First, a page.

Ancient Monuments

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Seven Sisters round barrow, Copt Hill, Houghton-le-Spring

A Scheduled Monument in Copt Hill, Sunderland

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Latitude: 54.8366 / 54°50'11"N

Longitude: -1.4512 / 1°27'4"W

OS Eastings: 435348.931943

OS Northings: 549222.12464

OS Grid: NZ353492

Mapcode National: GBR LD9J.M0

Mapcode Global: WHD5J.PP5K

Entry Name: Seven Sisters round barrow, Copt Hill, Houghton-le-Spring

Scheduled Date: 17 January 1962

Last Amended: 2 December 1998

Source: Historic England

Source ID: 1018680

English Heritage Legacy ID: 32055

County: Sunderland

Electoral Ward/Division: Copt Hill

Built-Up Area: Houghton-le-Spring

Traditional County: Durham

Lieutenancy Area (Ceremonial County): Tyne and Wear

Church of England Parish: Houghton-le-Spring

Church of England Diocese: Durham


The monument includes the round barrow known as Seven Sisters. It is situated
in arable land on the western flank of Copt Hill and is 300m south of Copt
Hill public house.
The barrow mound is 3m high and aproximately 25m in diameter. It is of earth
and stone construction. The stones include magnesian limestone and sandstone.
To the west and north west of the mound, at a distance of, there are visible
remains of a surrounding bank. An aerial photograph of the monument indicates
a further boundary to the west and north of the mound about 25m from the edge
of the mound, and a rectilinear cropmark to the east believed to be the
terminal of a cursus.
Excavation of the barrow in 1877 by Canon William Greenwell and Mr T Robinson
revealed that the primary burial was a Neolithic cremation believed to be an
example of an axial mortuary structure. There were also several Bronze Age
cremations and inhumations, and an early medieval inhumation.

The site of the monument is shown on the attached map extract.
It includes a 2 metre boundary around the archaeological features,
considered to be essential for the monument's support and preservation.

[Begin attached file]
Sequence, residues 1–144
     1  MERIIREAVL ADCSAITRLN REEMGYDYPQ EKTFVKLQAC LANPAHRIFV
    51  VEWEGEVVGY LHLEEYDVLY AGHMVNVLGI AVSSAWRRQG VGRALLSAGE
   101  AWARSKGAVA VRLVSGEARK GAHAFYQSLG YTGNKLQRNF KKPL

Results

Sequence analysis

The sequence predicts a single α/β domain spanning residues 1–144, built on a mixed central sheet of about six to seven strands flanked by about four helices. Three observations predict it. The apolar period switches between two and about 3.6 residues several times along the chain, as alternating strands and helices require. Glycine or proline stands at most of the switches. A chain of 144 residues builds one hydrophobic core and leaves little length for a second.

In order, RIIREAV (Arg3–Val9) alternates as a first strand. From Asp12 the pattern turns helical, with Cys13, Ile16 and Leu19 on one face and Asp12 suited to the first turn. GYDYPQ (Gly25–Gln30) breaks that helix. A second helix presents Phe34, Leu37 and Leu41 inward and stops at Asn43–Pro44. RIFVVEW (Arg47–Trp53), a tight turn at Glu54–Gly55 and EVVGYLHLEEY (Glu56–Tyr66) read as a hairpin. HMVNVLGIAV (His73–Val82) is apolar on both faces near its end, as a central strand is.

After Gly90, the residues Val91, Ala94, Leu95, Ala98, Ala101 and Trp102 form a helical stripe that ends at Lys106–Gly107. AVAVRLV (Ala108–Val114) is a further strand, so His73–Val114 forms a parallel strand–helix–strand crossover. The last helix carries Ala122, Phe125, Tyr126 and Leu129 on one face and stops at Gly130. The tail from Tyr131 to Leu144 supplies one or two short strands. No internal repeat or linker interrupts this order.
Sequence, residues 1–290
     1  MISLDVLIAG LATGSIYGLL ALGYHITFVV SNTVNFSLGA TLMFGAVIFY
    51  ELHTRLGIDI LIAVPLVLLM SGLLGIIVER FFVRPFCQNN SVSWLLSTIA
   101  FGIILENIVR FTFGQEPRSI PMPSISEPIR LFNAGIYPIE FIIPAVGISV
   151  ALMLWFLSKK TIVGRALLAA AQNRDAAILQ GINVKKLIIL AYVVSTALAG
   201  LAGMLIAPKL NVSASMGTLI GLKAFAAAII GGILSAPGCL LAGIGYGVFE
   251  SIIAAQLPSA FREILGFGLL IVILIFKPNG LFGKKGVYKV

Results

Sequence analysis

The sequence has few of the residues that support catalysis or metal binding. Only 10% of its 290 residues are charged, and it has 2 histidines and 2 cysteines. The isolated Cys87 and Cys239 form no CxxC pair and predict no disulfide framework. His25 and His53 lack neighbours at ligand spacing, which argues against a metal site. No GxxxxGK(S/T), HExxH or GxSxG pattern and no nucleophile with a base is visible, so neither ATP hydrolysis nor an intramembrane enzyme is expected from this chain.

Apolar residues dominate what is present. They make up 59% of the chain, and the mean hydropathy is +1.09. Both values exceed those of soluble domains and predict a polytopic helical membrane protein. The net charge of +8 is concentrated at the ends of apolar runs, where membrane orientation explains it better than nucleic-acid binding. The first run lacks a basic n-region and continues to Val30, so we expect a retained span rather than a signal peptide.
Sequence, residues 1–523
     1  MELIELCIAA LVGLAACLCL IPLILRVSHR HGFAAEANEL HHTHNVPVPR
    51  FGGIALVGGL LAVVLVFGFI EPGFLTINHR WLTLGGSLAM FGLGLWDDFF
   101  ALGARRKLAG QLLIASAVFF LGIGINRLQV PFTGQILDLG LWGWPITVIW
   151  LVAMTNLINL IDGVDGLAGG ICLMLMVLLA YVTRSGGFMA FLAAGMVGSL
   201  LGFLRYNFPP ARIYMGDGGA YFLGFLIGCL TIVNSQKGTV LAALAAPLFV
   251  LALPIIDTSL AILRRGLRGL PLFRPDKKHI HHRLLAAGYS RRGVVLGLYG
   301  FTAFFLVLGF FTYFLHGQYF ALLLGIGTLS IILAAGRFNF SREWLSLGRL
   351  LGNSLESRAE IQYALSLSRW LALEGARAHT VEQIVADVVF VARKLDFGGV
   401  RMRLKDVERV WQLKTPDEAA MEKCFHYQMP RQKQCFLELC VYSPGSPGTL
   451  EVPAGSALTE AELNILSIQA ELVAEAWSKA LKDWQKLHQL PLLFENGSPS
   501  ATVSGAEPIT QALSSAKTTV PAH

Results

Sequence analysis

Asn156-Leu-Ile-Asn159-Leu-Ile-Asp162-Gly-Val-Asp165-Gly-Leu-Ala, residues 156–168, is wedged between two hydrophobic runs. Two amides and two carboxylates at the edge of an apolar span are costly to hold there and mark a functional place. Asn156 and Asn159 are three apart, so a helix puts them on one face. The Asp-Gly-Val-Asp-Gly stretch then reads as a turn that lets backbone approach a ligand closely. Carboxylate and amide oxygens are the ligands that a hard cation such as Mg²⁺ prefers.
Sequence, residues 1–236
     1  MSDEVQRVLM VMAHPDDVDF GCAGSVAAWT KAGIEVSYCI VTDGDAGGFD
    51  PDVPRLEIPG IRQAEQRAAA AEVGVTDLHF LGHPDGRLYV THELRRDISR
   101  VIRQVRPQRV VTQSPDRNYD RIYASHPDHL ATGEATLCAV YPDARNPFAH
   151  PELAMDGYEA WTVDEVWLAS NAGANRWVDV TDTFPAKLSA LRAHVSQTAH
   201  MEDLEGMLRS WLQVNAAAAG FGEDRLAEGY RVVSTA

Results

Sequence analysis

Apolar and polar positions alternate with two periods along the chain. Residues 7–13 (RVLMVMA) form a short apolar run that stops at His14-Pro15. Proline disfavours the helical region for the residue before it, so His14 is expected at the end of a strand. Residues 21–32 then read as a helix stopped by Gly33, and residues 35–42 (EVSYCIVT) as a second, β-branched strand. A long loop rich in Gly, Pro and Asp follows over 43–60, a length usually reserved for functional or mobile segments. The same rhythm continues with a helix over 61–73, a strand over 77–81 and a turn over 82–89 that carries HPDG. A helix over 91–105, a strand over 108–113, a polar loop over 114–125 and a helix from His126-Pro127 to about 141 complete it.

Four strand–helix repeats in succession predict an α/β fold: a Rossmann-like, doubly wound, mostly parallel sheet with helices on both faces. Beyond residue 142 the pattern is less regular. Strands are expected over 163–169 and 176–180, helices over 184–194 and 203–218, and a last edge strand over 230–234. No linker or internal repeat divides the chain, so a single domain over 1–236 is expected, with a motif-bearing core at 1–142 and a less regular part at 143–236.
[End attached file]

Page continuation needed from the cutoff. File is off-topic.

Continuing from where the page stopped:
Source: Historic England

Reasons for Scheduling

Bowl barrows, the most numerous form of round barrow, are funerary monuments
dating from the Late Neolithic period to the Late Bronze Age, with most
examples belonging to the period 2400-1500 BC. They were constructed as
earthen or rubble mounds, sometimes ditched, which covered single or multiple
burials. They occur either in isolation or grouped as cemeteries and often
acted as a focus for burials in later periods. Often superficially similar,
although differing widely in size, they exhibit regional variations in form
and a diversity of burial practices. There are over 10,000 surviving bowl
barrows recorded nationally (many more have already been destroyed), occurring
across most of lowland Britain. Often occupying prominent locations, they are
a major historic element in the modern landscape and their considerable
variation of form and longevity as a monument type provide important
information on the diversity of beliefs and social organisations amongst early
prehistoric communities. They are particularly representative of their period
and a substantial proportion of surviving examples are considered worthy of

Seven Sisters round barrow is an example of a barrow in a prominent position
which is a local landmark. Although disturbed by excavation in 1877 and by
modern surface diggings, the barrow, which has already provided evidence of a
large number of burials and of Neolithic origins, will contain further
archaeological evidence for dating and environment.

Source: Historic England


Books and journals
Trechmann, C T, 'Archaeologia Aeliana' in A Barrow At Copt Hill Near Houghton-le-Spring, , Vol. 3, XI, (1914), 123-30
Young, R, 'Archaeologia Aeliana' in The Copt Hill, Houghton-le-Spring, Round Cairn: A Reassessment, , Vol. 5, XIII, (1985), 7-17
Authors collection, Vyner, B, Copt Hill,
SMR record no.100, Copt Hill, Seven Sisters barrow, (1995)

Source: Historic England

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